Most of us would imagine that our medical care, especially end-of-life care, is not subject to our physician's personal religious beliefs. A recent British survey, however, shows that this very well may be the case. Physicians in the United Kingdom were asked to identify their level of religiosity and then questioned about the kinds of care they would discuss and administer to patients at the end of life.
Those who self-identified as "extremely religious" were less likely to suggest or even discuss care that would shorten life. On the other hand, physicians who self-identified as "extremely non-religious" were found to have higher rates of not only discussion of but administration of treatments, such as deep sleep sedation, that would shorten life.
Clive Seale, PhD, who reported the findings online in the British Medical Journal
added that these findings echoed those in a US study which found religious physicians reluctant to discuss issues like abortion to which they themselves were opposed on moral grounds. He concluded by suggesting that physicians may benefit from becoming more aware of outlooks outside their own as they might become important when making decisions about end-of-life care.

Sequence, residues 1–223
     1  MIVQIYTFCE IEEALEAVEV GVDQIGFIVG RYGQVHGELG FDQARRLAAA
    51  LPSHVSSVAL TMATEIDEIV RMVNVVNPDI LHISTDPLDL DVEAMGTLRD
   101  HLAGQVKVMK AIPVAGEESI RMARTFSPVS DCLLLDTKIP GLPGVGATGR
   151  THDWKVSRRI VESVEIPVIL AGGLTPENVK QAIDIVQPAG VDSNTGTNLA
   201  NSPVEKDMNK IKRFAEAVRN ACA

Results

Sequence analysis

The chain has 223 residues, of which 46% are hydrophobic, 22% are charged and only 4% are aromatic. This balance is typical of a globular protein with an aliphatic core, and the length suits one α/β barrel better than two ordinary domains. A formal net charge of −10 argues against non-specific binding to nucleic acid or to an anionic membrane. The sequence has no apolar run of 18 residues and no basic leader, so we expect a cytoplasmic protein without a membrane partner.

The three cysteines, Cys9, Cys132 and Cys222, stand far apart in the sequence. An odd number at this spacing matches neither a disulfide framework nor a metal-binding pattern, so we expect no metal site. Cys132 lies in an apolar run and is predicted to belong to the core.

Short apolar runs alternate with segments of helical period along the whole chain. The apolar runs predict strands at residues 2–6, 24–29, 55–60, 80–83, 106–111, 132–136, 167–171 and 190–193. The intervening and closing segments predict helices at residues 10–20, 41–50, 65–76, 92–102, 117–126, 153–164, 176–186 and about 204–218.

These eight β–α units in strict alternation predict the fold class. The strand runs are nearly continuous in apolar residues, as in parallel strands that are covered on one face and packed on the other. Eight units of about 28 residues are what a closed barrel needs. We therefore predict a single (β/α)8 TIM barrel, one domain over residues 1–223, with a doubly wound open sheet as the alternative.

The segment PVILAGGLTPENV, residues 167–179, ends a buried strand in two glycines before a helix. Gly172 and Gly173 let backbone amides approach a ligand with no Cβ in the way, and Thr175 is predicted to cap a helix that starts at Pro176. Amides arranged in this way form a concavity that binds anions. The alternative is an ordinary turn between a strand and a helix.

It is inevitable that everyone, even doctors, will bring their culture, background, beliefs and all sorts of other piecesthat make up their identities into the workplace. So, instead of trying to separate doctors from their religious beliefs, we suggest that the doctors first become fully aware of how their beliefs impact the way they offer care. Taking that first step can help inform important care decisions and really create an opening for communication between doctor and patient.
What do you think? Is it a good thing that religious physicians are avoiding discussing care that would shorten life? Is it the patient’s responsibility to step up and communicate how he/she would like to be cared for? Or is it the doctors’? Sound off in our comments section and let us know what you think.